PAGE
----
Thursday, February 3, 2011

The Perils of Photojournalism

 Cairo February 2nd, 2011Andrew Burton

Freelance photojournalist Andrew Burton experienced first-hand the risks of his career yesterday when he was violently attacked by pro-Mubarak supporters. He told his story to The Picture Show, (photos from around the world, as well as commentary from NPR's multimedia team).

Burton describes his attack, “It took about 15 minutes to walk from my hotel to the square. As I moved through the thickening crowd, things seemed slightly more tense than earlier in the day. Before I got to where the fighting was taking place, I noticed a pro-Mubarak supporter painting slogans over anti-Mubarak graffiti. I started to photograph him, but was suddenly grabbed from behind by a young man who also slapped his hand over my camera – he was very angry.

A pro-Mubarak supporter paints slogans over anti-Mubarak graffiti. February 2, 2011.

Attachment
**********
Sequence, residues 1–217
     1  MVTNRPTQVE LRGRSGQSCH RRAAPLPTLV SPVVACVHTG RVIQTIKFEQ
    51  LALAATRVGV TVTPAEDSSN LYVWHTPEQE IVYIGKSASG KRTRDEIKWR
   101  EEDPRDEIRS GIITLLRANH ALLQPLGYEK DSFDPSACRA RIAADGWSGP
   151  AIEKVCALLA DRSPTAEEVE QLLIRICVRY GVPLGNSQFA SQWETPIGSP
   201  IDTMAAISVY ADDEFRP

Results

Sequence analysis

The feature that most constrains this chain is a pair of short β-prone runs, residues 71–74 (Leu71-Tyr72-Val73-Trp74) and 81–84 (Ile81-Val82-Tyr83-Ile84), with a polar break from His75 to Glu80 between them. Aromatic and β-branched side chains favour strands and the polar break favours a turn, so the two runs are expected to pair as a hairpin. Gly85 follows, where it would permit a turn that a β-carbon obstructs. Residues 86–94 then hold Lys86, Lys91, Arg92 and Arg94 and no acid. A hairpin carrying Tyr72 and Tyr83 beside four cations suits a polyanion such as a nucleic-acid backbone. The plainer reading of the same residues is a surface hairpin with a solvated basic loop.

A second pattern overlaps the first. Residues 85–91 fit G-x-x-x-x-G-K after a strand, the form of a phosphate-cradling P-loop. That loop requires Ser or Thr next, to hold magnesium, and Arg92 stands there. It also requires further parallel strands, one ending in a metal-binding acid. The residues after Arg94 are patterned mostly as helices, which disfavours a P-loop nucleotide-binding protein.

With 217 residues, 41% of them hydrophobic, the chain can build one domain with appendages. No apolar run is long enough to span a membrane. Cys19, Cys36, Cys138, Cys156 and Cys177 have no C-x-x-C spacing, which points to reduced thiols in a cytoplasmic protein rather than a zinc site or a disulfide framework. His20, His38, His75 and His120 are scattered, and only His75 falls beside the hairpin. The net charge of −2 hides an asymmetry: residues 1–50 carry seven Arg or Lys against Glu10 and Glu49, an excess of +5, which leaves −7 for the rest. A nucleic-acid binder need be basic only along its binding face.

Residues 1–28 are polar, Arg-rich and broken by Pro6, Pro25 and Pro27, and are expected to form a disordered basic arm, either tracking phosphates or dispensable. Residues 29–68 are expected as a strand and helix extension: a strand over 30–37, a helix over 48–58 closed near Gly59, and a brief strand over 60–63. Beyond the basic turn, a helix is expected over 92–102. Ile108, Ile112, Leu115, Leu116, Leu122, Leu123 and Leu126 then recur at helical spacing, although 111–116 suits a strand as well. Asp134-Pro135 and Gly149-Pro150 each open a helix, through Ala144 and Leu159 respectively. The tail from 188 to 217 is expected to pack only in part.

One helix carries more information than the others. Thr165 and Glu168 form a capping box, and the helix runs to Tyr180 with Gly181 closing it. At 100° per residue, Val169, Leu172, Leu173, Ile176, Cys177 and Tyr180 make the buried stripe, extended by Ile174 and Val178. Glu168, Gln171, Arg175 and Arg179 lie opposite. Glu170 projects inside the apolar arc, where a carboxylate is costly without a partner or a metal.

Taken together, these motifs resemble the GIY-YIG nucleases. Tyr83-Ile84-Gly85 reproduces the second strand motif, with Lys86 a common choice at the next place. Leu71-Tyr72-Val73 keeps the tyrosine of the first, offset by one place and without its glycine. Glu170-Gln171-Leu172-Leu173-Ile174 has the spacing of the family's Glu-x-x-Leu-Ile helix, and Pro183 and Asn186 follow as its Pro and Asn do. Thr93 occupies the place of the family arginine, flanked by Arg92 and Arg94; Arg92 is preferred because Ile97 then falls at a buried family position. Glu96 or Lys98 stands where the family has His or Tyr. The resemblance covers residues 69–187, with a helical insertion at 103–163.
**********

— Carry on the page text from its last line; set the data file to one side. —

These were the last photographs Burton took before he was grabbed from behind and beaten by pro-Mubarak supporters. 

Burton tried to walk away but instead became a catylst between pro and anti Mubarak factions. Pro-Mubarak supporters grabbed Burton beating him while anti-Mubarak protesters encircled him trying to move while being beaten “Five or six guys surrounded me and took many more blows than I did”. Slowly they moved toward an Army Tank.

We were headed towards an Egyptian army tank and when we hit it, the men positioned me with my back to the tank, squatting down. At this point, I was pinned. People continued to kick, punch and grab at cameras. Soldiers standing on top of the tank were waving pistols and screaming. My shirt was ripped from my back, hands went into my pockets, the men protecting me were screaming, "You are safe, we are here for you, we will get you out of this."

Anti-Mubarak Protesters on an Army Tank Earlier That Day. Andrew Burton

I only escaped when the soldiers on top of the tank literally ripped me out of the crowd, lifting me by the armpits. I was dumped head-first inside the tank. I found myself surrounded by 14 Egyptian soldiers – young men my age, smiling at me.”

Burton stayed inside the tank until evening when a general escorted him out of the tank getting him a cab to his hotel.

I don't know what happened to the men that protected me. I owe them my life, or something close to it, and I don't know what would have happened to me without them. This is my first time in a situation like this. I was incredibly lucky.

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